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You can still get a real Coke from an old fashioned soda fountain in Kenova, West Virginia.

“Don’t ever forget: these people aren’t our customers. They’re our friends and neighbors.”

Ric Griffith lives by those words, passed onto him by his uncle, who ran the Griffith and Feil Soda Fountain and Pharmacy before he did. The next generation is waiting in the wings. 

The company has survived booms and busts, and the death of the American soda fountain. But now they’re up against the monopoly power of Pharmacy Benefits Managers (PBM’s) that manipulate the price of pharmaceuticals to squeeze patients and put small pharmacies out of business.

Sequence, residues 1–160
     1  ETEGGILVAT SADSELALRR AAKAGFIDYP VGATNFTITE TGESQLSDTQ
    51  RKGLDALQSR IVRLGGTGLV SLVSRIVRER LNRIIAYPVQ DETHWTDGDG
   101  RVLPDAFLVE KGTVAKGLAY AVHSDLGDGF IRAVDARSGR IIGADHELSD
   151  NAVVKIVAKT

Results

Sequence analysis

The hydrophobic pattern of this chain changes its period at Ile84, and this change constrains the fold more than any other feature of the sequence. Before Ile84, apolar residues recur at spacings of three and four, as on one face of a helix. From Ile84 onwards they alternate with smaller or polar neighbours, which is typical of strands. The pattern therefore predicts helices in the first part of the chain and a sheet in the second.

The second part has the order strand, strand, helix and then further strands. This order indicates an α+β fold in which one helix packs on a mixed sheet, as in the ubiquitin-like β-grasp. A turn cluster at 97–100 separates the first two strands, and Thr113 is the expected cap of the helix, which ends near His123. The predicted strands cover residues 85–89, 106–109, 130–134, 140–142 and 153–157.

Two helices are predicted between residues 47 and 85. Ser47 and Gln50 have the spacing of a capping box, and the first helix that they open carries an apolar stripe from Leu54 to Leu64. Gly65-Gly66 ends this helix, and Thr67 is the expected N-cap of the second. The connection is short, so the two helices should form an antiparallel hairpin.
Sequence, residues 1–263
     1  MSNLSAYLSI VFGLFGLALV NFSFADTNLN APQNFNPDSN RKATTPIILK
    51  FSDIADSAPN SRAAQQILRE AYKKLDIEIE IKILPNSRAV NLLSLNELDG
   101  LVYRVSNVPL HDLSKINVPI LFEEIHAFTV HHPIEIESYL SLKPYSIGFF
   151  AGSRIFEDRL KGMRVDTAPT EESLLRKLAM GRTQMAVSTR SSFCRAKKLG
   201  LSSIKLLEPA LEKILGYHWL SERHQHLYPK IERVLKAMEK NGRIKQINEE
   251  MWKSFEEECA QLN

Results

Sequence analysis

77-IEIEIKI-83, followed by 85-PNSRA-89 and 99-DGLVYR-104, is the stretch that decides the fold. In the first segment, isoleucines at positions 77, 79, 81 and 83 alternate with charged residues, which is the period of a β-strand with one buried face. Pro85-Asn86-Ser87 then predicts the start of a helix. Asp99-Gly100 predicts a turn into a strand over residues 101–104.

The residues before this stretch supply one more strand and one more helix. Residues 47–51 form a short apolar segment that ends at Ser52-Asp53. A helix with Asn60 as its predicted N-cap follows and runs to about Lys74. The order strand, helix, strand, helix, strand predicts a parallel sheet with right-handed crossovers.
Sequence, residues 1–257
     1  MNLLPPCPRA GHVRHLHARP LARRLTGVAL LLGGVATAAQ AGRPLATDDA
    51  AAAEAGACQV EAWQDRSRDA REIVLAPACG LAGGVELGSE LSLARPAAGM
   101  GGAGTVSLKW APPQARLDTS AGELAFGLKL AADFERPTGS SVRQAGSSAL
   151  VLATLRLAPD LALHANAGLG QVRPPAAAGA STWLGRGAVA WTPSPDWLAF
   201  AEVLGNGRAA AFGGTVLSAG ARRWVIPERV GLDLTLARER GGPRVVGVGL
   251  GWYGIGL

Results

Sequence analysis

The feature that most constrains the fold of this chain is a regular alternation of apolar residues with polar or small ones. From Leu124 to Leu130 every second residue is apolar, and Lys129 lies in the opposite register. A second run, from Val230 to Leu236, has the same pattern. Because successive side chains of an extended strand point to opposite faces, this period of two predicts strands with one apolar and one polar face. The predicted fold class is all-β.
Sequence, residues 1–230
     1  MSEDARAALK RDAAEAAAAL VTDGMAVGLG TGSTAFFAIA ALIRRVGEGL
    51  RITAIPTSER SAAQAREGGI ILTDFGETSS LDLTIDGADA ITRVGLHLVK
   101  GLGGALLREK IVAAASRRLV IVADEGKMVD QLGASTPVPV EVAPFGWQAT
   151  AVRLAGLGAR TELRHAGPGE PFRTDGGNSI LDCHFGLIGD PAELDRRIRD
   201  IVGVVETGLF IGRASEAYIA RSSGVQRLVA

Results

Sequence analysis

“It’s truly predatory. There’s nothing I can do to be competitive. And it’s not what’s best for our patients.”

It doesn’t have to be this way. We can have a health care system that makes us healthy, not broke. 

But we need more common sense from people like Ric, who is running for the House of Delegates in the 19th District, and his family. Ric is one of more than 90 candidates running for office who promise not to take corporate cash, and never cross a picket line.

See some of our plans to address these issues here: